This week in the PEN Poetry Series, PEN America features a new poem by Graham Foust. 



The fraught way the thinking body 
eats into its clear need
to fail with thoughts of tomorrow’s
not proof of existence.
That said, the facts of failure are.
This is where I tell you 
I don’t fear my disappearing,
but only being here
dying, and not remembering 
any of anything—
going once, going, and that’s it.
Write something poem-like
in my cremains with your finger,
a vague line you’d like, like
For now, though, sit with me,
I’d like to give you this bookmark,
news from years ago left between 
two pages of a tome
about Massachusetts plant life
(or placed there with much care—
who am I to say, as I’d’ve
been not quite five years old
at the time, and not compelled by
my state or its flora):



             Stars Not Where They Seemed or
             Were Calculated to be but
             Nobody Need Worry.

The sky the sky in theory, jest,
I struggle to be glad,
and in the other other hand, 
your poem for no good
reason, in itself confounded—
skip past the end: you’ll find 
I die and do many dead things—
it makes living waver. 
Ahead of day’s informations,
you say every sentence
both warily and carelessly,
as one might grip a fish
that one has planned to gut and eat.
Their first designs feel right,
but somehow there isn’t enough
noncrying in their sounds,
so you mouth on as if talking
were not its own drawback,
which it is when done the wrong way
or when done very well.
I’ve coughed the halves of Monday’s pills
from the spoon of my hand.
Red sky on bad TV tonight
on furniture, on skin,
I’ll remember this like it was
yesterday somewhere else,
like I was another woman
who’d done time in a park
where pink repeating flowers were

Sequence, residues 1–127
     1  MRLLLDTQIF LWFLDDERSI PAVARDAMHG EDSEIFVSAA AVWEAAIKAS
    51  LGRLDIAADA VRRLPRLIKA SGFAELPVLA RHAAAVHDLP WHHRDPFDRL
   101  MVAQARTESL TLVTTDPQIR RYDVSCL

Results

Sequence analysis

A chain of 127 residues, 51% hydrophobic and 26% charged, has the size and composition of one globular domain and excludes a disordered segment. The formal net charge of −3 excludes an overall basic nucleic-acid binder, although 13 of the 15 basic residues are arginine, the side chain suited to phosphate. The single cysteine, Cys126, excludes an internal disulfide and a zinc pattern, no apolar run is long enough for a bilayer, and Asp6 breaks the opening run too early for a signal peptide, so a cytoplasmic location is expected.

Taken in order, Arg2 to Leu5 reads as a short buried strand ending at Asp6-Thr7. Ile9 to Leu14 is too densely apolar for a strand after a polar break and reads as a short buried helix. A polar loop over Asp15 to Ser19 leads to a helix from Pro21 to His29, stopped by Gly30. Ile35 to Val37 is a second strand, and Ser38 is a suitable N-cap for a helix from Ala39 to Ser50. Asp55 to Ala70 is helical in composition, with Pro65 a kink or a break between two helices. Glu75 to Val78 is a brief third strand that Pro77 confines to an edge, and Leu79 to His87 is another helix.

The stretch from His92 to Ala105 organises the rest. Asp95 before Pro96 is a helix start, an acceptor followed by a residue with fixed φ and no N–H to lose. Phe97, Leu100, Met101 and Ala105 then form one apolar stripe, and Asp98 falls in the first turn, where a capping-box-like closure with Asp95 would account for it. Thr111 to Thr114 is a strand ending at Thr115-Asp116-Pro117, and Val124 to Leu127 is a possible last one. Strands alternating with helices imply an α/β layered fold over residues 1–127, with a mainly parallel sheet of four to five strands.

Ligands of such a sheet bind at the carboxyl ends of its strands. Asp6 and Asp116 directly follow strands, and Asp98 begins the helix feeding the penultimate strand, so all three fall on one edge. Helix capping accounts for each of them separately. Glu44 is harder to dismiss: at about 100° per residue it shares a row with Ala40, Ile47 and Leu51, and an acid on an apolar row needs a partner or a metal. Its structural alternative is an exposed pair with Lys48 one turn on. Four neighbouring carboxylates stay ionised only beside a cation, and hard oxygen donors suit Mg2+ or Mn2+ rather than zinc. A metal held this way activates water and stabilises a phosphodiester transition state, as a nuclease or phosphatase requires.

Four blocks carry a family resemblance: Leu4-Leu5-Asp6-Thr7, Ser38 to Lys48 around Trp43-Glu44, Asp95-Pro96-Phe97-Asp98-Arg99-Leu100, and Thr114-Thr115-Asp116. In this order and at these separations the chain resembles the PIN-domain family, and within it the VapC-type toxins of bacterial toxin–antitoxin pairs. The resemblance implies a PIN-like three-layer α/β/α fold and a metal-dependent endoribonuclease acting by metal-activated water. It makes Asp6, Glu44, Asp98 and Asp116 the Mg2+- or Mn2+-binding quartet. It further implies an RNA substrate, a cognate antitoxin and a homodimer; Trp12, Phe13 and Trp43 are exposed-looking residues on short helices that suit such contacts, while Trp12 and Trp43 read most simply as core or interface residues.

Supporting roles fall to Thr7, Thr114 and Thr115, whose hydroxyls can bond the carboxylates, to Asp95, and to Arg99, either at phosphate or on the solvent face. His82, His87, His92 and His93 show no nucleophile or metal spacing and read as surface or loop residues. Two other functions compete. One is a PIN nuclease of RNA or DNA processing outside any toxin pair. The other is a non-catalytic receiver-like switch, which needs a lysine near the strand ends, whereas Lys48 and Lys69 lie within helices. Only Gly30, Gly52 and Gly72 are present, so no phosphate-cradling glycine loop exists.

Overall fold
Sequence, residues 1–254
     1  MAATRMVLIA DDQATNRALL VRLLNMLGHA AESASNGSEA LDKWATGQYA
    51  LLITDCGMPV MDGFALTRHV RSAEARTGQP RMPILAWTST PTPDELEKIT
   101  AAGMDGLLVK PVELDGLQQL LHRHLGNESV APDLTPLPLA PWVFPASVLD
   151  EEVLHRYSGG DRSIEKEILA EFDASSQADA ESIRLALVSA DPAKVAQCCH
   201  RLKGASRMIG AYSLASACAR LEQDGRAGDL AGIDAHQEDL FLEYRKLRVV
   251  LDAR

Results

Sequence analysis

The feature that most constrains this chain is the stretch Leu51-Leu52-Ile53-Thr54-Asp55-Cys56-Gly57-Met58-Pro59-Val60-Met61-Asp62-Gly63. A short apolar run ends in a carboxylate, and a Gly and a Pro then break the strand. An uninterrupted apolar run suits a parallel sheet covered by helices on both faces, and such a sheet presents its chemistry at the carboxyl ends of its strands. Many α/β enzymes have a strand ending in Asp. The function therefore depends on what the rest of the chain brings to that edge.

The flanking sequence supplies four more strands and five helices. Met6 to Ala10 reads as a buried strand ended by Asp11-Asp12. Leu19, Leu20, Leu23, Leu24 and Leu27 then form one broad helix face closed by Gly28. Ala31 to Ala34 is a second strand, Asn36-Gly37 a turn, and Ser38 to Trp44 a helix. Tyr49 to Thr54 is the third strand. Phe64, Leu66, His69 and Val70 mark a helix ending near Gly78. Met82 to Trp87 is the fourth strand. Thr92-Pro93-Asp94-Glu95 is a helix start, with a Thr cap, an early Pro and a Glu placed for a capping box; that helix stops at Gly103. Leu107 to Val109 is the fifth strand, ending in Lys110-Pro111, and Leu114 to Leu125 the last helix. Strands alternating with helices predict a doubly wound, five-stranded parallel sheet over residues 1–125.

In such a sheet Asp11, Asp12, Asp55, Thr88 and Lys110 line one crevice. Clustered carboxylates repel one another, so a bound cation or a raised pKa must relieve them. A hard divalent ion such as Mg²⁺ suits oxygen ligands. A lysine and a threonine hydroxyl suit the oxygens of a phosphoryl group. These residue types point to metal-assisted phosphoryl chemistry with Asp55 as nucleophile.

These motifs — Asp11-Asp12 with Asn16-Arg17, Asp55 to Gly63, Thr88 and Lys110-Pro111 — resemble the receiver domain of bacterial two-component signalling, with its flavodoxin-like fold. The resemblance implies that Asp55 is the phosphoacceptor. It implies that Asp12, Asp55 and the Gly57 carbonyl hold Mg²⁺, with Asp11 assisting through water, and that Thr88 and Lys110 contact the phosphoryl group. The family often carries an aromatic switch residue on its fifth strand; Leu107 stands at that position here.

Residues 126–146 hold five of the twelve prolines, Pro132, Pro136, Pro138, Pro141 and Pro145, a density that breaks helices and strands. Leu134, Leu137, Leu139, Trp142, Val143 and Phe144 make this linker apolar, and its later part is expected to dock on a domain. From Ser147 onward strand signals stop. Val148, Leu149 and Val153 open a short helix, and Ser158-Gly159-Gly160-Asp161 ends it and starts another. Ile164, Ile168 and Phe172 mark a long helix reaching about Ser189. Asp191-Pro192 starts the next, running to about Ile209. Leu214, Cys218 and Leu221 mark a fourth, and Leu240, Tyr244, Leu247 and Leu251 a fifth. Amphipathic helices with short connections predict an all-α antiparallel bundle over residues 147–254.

birthed at the crowd and were
transferable from brain to brain
as patched contrivances.
(She liked Old Fitzgerald bourbon
and was legally blind;
I fingered insects dead as beads
as they occurred to her.)
Heavy now, I barely feel it,
and there are rumors that
I’ll hold this posture, the loose sense,  
in other words, that dreams—
rid of texture, as whatever
is mirrored on water—
begin and end as they’re needed.
Put yet another way,
consciousness’s heel on thought’s wing—
one doesn’t learn it’s there
until it’s made its way elsewhere,
forever not knowledge 
and certainly never a thing.
All the world’s a warning;
it just goes away to show you.
I can’t wish to have done 
something the way I’ve just done it,
and rain, by complaining,
will now be made a fallacy.
I’m not allowed to stop
even its least intense grievance
that the sun’s relentless
or that it’s preparing to be.
Go ahead, compare death
to rest one more time—it can’t hurt.
I have hours still to think,
but there’s a trouble under mind,
some combination of
irrational variety,
interest, and faint alarm.
About to be unfeasible,
an acrobat of ash, 
I am become how I’m ending:
slowly; it becomes me,
this negligent triumph like sleep.


Once a week, the PEN Poetry Series publishes work by emerging and established writers from coast to coast. Subscribe to the PEN Poetry Series mailing list and have poems delivered to your e-mail as soon as they are published (no spam, no news, just poems).